More often than not, I get asked what the average cost per square foot for a new build would be. I never answer that question because it’s a poor representation of the value of a single family home and here’s why.
I can build 2 different 1400sf homes and the cost per square foot would be very different. There are too many variables that affect the final cost which could include roof pitch, span and depth of floor joists and beams, ceilling heights, stud spacing, and topography of the site, just to name a few. Furthermore, when you factor in finishings such as plumbing, flooring and cabinetry, the final cost of a project can grow exponentially.
This spring, I represented buyer clients of mine on the purchase of a south end home that was clad with real stone exterior veneer -- this is easily three to four times more costly that a conventional clay brick veneer -- and at the time of construction, the cost per square foot could have been a deterrent for prospective buyers if the consideration for the price increase had not been properly communicated.
So where does price per square foot apply then?
Architects, general contractors and developers who are involved in large scale projects will typically refer to historical cost per square foot data to determine the feasibly of a project based on the hard costs as a starting point. This is where this type of cost analysis is most relevant. These projects include condominiums, commercial space, and large scale track home developments where the floor plans and finishings are very similar. The more repetitive the build, the more accurate the cost projection would be. In this case, cost per square foot can determine wether a project moves forward or not.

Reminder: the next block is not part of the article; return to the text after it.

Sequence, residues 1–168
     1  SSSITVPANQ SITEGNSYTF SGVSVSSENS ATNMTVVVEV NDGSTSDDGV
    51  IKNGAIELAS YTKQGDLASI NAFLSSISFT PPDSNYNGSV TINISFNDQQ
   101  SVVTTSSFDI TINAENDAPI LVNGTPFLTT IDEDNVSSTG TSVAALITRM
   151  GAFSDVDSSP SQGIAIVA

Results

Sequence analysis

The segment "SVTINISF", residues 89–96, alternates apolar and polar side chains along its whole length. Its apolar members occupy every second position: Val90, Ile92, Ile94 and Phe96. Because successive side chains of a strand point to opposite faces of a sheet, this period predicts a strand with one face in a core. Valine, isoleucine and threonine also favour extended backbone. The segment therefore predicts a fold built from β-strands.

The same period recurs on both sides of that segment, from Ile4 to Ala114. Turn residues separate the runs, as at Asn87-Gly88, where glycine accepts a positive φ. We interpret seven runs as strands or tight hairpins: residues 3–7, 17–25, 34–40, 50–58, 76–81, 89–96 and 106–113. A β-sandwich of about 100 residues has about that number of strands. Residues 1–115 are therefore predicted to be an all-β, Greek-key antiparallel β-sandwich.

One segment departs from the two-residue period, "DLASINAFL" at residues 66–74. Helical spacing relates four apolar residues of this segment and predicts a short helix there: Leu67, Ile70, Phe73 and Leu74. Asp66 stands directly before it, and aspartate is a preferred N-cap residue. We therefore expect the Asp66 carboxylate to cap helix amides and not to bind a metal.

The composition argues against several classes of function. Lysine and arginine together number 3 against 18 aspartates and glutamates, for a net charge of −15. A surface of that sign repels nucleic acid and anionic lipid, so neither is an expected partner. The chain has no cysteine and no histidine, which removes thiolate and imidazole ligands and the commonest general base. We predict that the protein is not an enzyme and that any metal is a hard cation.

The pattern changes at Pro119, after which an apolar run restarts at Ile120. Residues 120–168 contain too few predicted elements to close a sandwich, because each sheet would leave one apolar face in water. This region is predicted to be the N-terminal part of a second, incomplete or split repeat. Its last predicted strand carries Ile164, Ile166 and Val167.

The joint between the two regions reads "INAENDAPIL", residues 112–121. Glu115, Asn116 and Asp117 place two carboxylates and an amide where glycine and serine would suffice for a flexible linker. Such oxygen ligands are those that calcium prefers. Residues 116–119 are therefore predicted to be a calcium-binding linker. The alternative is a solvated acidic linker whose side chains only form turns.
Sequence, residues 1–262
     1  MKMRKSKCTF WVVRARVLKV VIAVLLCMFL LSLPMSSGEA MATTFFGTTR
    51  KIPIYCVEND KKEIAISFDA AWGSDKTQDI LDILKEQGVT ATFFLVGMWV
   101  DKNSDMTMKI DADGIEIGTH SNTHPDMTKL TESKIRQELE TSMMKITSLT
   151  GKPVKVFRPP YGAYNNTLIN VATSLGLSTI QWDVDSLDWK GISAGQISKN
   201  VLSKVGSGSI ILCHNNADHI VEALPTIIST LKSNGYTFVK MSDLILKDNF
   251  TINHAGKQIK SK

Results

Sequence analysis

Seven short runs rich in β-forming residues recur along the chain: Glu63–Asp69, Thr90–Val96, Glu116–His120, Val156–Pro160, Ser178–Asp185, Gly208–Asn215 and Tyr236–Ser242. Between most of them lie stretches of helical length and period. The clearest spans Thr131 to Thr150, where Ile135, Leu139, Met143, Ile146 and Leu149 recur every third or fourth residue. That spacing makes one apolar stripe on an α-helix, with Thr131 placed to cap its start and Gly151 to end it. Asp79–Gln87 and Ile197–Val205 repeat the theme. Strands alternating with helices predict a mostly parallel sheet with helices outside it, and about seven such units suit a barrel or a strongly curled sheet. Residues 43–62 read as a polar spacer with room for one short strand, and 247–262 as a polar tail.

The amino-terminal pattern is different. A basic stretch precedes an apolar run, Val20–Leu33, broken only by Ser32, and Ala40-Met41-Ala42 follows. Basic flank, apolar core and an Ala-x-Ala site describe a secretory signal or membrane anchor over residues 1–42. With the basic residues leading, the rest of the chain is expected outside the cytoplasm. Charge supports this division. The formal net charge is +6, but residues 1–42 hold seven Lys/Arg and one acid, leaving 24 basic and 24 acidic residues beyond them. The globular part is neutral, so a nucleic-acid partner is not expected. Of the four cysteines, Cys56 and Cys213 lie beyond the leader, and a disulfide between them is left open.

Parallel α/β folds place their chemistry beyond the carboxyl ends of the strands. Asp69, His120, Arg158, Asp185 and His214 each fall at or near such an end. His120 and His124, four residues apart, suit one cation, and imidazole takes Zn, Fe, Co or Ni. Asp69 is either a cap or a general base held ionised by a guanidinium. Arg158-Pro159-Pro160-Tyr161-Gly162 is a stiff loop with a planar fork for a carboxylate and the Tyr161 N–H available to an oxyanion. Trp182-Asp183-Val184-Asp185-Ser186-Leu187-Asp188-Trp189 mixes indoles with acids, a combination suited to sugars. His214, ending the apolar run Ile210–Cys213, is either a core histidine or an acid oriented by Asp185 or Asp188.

What should I rely on to determine value?
Most agents will rely on a Comparative Market Analysis (CMA). They will examine the prices at which similar or comparable properties in the same area recently sold. Agents make adjustments for the differences between the sold properties and the one that is about to be purchased or listed to determine a fair offer or sale price.
Although price per square foot is a component of a CMA, the impact on the final price is minimal.
So when it comes to determining the value of a single family home (existing or new), don’t focus on cost per square foot data. rRather, itemize the differences between a comparable recent sale and your subject property.
Paul Corsi has over 20 years of custom home building experience, is a Registered Tarion Home Builder, Certified Engineering Technologist (C.E.T.) and is the Broker of Record with Corsi Realty in Sudbury. For more information visit, corsirealty.ca or email Paul directly at firstname.lastname@example.org.